The Measure G privatization vote failed, which means it's the status quo for Fresno's residential trash pickup. But can the same be said for the city's political landscape?
Unions and many Democrats feel emboldened by beating back a proposal by Fresno Mayor Ashley Swearengin to hand trash pickup for the city's 105,000 residential customers to Mid Valley Disposal, a private hauler.
In a citywide vote on June 4, the proposal was narrowly defeated, with 50.7% of voters saying "no," and 49.2% "yes."
"I believe that our people are waking up," said Marina Magdaleno, who is business representative for the city's blue-collar union, which serves many of the workers who would have been affected by outsourcing.
The No on G side was outspent 3-to-1, she said, and couldn't afford to run advertisements on radio or on Spanish-language television, while the Yes side saturated both mediums, as well as running ads on other Fresno television stations.
Still, the "No" side managed to pull out a victory.
Fresno often has been described as a city divided by Shaw Avenue.
To its north are the high-propensity voters, largely Republican, who decide citywide elections such as mayor. South of Shaw, Democrats are more numerous but also less inclined to participate in the election process.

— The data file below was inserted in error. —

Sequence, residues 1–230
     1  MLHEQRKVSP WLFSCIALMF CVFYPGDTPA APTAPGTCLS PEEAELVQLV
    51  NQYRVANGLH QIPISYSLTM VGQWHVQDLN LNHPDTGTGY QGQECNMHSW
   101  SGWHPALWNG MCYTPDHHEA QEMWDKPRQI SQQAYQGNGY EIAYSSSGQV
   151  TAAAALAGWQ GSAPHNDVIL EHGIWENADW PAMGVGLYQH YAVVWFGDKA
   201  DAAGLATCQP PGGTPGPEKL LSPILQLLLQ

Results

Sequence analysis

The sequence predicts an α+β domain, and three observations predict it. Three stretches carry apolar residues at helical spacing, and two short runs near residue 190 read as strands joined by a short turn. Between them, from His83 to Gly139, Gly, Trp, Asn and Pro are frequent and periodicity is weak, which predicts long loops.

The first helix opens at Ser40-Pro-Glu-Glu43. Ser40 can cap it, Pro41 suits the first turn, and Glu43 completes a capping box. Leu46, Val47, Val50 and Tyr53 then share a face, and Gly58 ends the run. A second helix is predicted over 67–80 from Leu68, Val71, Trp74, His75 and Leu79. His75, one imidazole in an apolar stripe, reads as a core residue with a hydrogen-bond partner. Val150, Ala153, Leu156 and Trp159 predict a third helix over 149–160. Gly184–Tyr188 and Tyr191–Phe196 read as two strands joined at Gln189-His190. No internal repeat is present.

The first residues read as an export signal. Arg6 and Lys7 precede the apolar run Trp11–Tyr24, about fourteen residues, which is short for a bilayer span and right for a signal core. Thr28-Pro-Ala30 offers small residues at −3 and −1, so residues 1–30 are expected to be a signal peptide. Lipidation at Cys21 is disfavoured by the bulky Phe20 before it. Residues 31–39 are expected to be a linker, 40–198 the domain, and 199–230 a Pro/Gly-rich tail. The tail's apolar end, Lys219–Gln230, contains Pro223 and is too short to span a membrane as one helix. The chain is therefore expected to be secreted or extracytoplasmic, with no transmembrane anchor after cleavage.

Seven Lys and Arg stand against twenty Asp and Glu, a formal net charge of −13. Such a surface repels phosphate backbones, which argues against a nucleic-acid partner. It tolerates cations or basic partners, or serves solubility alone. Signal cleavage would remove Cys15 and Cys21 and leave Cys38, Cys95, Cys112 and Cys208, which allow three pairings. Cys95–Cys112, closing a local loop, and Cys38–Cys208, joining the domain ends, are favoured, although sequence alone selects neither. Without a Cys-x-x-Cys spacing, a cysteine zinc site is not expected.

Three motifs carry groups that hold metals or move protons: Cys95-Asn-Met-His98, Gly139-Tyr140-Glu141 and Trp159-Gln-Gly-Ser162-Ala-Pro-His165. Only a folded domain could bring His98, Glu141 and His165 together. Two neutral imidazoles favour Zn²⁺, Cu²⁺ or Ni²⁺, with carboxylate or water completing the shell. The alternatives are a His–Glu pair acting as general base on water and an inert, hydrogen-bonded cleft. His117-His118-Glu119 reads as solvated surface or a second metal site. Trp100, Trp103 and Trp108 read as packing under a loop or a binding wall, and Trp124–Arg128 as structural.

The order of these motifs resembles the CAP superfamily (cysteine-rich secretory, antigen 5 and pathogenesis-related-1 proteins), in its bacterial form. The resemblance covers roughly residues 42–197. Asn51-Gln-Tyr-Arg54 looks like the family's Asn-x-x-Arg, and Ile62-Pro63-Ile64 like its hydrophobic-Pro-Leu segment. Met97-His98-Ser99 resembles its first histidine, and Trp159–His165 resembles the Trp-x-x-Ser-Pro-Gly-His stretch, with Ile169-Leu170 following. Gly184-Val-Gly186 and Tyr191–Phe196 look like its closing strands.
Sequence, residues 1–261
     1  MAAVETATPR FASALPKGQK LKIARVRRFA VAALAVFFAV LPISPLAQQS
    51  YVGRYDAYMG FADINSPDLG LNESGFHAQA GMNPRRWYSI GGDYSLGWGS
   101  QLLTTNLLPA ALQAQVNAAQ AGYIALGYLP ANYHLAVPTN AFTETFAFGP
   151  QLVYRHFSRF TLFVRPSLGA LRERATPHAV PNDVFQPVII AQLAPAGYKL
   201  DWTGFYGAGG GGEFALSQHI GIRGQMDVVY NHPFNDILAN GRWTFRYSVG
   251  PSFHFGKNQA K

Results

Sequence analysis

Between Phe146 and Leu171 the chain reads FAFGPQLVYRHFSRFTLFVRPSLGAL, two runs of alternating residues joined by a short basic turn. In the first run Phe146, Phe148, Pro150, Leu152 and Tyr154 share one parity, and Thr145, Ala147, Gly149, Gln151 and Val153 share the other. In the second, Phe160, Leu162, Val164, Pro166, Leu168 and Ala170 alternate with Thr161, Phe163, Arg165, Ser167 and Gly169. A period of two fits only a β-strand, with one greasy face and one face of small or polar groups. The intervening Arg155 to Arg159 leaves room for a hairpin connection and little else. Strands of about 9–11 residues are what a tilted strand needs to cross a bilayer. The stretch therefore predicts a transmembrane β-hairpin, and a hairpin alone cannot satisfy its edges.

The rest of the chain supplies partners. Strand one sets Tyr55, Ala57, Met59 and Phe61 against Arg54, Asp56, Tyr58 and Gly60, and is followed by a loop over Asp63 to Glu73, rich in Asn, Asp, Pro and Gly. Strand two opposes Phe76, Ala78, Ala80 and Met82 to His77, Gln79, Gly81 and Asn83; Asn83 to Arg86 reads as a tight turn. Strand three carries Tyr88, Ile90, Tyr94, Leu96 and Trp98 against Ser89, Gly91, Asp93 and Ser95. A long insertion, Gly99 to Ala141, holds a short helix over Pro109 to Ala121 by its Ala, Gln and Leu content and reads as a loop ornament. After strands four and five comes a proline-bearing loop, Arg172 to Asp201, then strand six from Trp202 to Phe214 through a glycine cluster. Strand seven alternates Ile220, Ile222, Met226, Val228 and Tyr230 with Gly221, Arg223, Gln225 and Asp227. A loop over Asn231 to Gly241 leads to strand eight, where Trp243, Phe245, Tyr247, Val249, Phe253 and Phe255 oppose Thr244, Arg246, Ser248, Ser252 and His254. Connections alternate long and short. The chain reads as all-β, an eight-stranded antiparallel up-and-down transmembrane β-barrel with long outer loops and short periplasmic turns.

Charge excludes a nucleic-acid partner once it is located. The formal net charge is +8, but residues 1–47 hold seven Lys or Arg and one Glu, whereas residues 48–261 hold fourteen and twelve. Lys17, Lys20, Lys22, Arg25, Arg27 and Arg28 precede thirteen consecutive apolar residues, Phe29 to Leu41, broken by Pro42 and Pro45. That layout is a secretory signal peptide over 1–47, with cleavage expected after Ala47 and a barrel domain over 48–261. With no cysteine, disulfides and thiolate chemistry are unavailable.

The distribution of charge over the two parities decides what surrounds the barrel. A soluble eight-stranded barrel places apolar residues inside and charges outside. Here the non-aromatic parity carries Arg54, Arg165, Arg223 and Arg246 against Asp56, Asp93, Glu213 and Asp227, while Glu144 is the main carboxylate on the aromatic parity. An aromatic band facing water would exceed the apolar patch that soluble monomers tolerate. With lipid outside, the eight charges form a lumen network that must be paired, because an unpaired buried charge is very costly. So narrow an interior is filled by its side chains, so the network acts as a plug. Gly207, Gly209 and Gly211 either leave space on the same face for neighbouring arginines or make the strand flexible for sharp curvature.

In this election — as expected — Measure G won in the precincts north of Shaw Avenue. The win was substantial, but not overwhelming, according to political consultants who have seen precinct-by-precinct breakdowns. At the same time, those consultants said, the ballot measure lost by large margins south of Shaw — and the loss was enough that it overwhelmed the support to the north.
This is a change from citywide elections in the past.
Former Assembly Member Sarah Reyes said the results show one of two things: "Either the community organizers have gotten stronger and more focused on their work south of Shaw, or there was less engagement north of Shaw."
The exact breakdown of the numbers won't be known until early this week.
Measure G result boost for unions, political left
Whatever the case, the end result has the unions and Fresno's political left excited.
In the short term, they would love to oust Fresno City Council Member Clint Olivier. Looking further out, the Measure G outcome has given them hope that — after north Fresno largely elected Republicans Jim Patterson, Alan Autry and Swearengin as the city's first three "strong" mayors — the time might be coming for a Democrat in the top office who is more supportive of the working class.
"I certainly hope so," said Randy Ghan, executive secretary-treasurer of the Fresno-Madera-Tulare-Kings Central Labor Council.
At the same time, Ghan is a realist.
"This was a unique circumstance — a one-issue ballot, a special election," he said. "But the work that was done, the energy and passion that people felt for the cause, certainly I think at some point that could be brought to bear in other races and on other issues. But it depends on what the issue is and when it is."